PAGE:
Look to Europe to solve America’s immigration crisis

Both sides of the Atlantic Ocean could witness migration crises this year. But the number of illegal arrivals is likely to be much lower in Europe than in the United States.

That’s largely due to the role of gatekeepers: neighboring countries with which the European Union (EU) and several member states have signed agreements to stop, or at least mitigate, the flow of irregular mass migration.

The scope of the challenge is enormous. In 2022, the European Border and Coast Guard Agency, Frontex, detected approximately 330,000 irregular entries at the EU’s external border. This figure does not include the more than 13 million people who left Ukraine after the Russian invasion and who, thanks to the EU-Ukraine visa-free agreement and the temporary protection directive activated by the EU in March 2022, crossed the border legally into the EU. In the case of the United States, border “encounters” totaled 2.38 million in fiscal year 2022, not to mention undetected illegal entries, which, according to some analyses, could add hundreds of thousands to that figure.

However, in Europe, if we look at longer-term trends (with the exception of the 2015 refugee and migration crisis), irregular arrivals in the last five years ranged from 126,000 to 330,000 per year. By comparison, the number of encounters at the US Southwest border never fell below 458,000, even at the height of the COVID-19 pandemic (and its travel restrictions) and with President Donald Trump’s strict border policy. Trump in 2020, almost four times the similar European rates.

Why so much difference? Are people from the Middle East and Africa just less eager to come to Europe? According to the African Youth Survey and IPL, this is not the case: millions of people intend to move to the EU. And, if they manage to reach Europe’s relatively open maritime border, it’s almost impossible to send them back. Between 2015 and 2019, only 19% of non-EU citizens with exit orders were returned to countries of origin outside of Europe.

So why can’t more of them reach Europe’s southern border? The porters.

From Turkey and Egypt to Niger, Senegal and Morocco (just to mention a few), Europe has an extensive network of agreements, cooperation and common policies with states that have tools to stop illegal migration towards the EU. Perhaps the most famous example is Turkey, which is home to at least 3.6 million Syrian citizens and hundreds of thousands of other refugees.

Following the EU-Turkey Statement, Ankara agreed to prevent migrant crossings into Europe. As compensation, the EU and its member states have mobilized €9.5bn ($10.3bn) for refugees and host communities since 2015. While this seems like a significant amount, compared to the potential cost of managing millions of new irregular arrivals , it is actually a cheap solution.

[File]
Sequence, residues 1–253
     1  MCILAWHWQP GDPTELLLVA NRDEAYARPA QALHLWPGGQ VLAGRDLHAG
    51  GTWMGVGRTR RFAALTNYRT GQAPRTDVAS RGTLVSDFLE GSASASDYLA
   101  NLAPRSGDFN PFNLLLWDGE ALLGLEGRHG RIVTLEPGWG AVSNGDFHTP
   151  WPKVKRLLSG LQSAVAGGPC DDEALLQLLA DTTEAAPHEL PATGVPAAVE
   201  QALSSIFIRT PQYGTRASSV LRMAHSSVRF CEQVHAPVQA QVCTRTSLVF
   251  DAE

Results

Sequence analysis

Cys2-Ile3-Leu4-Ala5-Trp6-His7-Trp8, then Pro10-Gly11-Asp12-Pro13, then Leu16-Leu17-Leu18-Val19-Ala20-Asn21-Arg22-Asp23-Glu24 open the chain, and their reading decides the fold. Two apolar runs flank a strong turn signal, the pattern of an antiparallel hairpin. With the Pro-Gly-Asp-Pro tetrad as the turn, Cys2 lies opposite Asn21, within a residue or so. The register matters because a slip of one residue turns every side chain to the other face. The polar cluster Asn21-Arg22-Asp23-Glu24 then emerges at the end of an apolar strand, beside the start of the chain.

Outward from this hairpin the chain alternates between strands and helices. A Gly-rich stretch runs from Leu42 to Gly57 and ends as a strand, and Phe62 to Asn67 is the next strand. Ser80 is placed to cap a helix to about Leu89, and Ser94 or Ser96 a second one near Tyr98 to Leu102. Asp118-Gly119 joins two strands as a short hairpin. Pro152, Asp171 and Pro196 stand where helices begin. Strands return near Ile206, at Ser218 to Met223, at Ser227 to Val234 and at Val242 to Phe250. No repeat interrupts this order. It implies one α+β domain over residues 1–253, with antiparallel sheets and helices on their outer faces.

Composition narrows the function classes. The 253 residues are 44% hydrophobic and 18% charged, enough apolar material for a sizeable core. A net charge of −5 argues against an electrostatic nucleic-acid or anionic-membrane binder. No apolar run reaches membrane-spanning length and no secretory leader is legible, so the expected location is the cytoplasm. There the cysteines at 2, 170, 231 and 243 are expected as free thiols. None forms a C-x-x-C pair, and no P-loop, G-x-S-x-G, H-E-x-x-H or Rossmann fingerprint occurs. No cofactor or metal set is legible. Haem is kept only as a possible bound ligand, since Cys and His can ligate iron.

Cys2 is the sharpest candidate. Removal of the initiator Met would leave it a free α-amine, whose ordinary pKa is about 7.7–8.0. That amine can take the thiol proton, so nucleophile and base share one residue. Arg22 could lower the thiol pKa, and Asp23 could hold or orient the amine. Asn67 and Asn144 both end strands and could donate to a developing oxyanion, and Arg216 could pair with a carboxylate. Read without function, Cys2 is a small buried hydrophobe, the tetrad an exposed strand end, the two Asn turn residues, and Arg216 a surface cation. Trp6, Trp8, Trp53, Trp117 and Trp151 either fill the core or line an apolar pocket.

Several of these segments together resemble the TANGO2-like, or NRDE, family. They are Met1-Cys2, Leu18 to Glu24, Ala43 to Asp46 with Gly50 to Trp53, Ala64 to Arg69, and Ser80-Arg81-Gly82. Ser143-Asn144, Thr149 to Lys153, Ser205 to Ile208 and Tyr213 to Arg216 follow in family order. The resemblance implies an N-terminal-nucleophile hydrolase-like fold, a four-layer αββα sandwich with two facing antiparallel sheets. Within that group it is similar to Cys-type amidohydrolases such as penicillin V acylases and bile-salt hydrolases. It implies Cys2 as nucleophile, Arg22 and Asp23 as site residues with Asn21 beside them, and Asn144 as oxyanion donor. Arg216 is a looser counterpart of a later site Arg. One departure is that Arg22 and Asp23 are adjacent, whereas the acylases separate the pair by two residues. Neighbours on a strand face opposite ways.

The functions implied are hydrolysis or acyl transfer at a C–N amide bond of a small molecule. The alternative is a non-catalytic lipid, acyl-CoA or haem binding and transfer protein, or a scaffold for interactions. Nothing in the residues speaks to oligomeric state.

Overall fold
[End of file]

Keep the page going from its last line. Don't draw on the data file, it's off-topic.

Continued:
There are similar understandings along the Mediterranean coast. For example, in the first nine months of 2022, Morocco thwarted 40,000 illegal crossings into the EU. In compensation, Brussels pledged €500 million ($540 million) in development assistance for Morocco’s migration management efforts. In October 2022, in reaction to the increase in irregular migration from Egypt, the EU signed an agreement with Cairo on an €80 million ($87 million) border management program to “assist border guards and Egypt’s coastlines to reduce irregular migration and people smuggling along its border, and provides for the acquisition of surveillance equipment, such as search and rescue vessels, thermal cameras and satellite positioning systems. There were at least 9 million migrants in Egypt in 2022, 3 million more than the previous year, mainly due to unrest in Sudan and the economic fallout from Covid-19. Many came to Egypt illegally with the intention of moving to Europe; without the measures taken by the Egyptian government, they would have done so.

Collaboration with guardians is not without its challenges and risks. However, Europe’s experience over the last decade shows that it is an important instrument in protecting Europe’s external borders. In fact, without the help of partner countries, the number of arrivals in Europe would increase exponentially.

By comparison, the United States has modest agreements with guardian countries, some of which, for example, the Migrant Protection Protocols, better known as “Remain in Mexico,” have been compromised in recent years. Much of the previously promised aid for certain transit states and countries of origin, such as the $4 billion assistance package for El Salvador, Guatemala and Honduras, has not materialized. Thus, countries south of the US-Mexico border have little intention of stemming the flow of irregular migration. President Joe Biden’s recent summit in Mexico is not likely to change this; the policies outlined by the three North American leaders may well increase the migratory flow.

Appropriate border walls and policies are key instruments for resolving migration crises. But it is also true that the protection of a country does not begin at its borders. In the era of irregular mass migration, guardian states must be part of a lasting solution, even if it requires attention and sometimes financial investment by the destination country.

Viktor Marsai, PhD, is the Director of the Budapest-based Institute for Migration Research and an Andrássy Fellow at the Center for Immigration Studies in Washington, DC.

Image: Flickr/Customs and Border Patrol.

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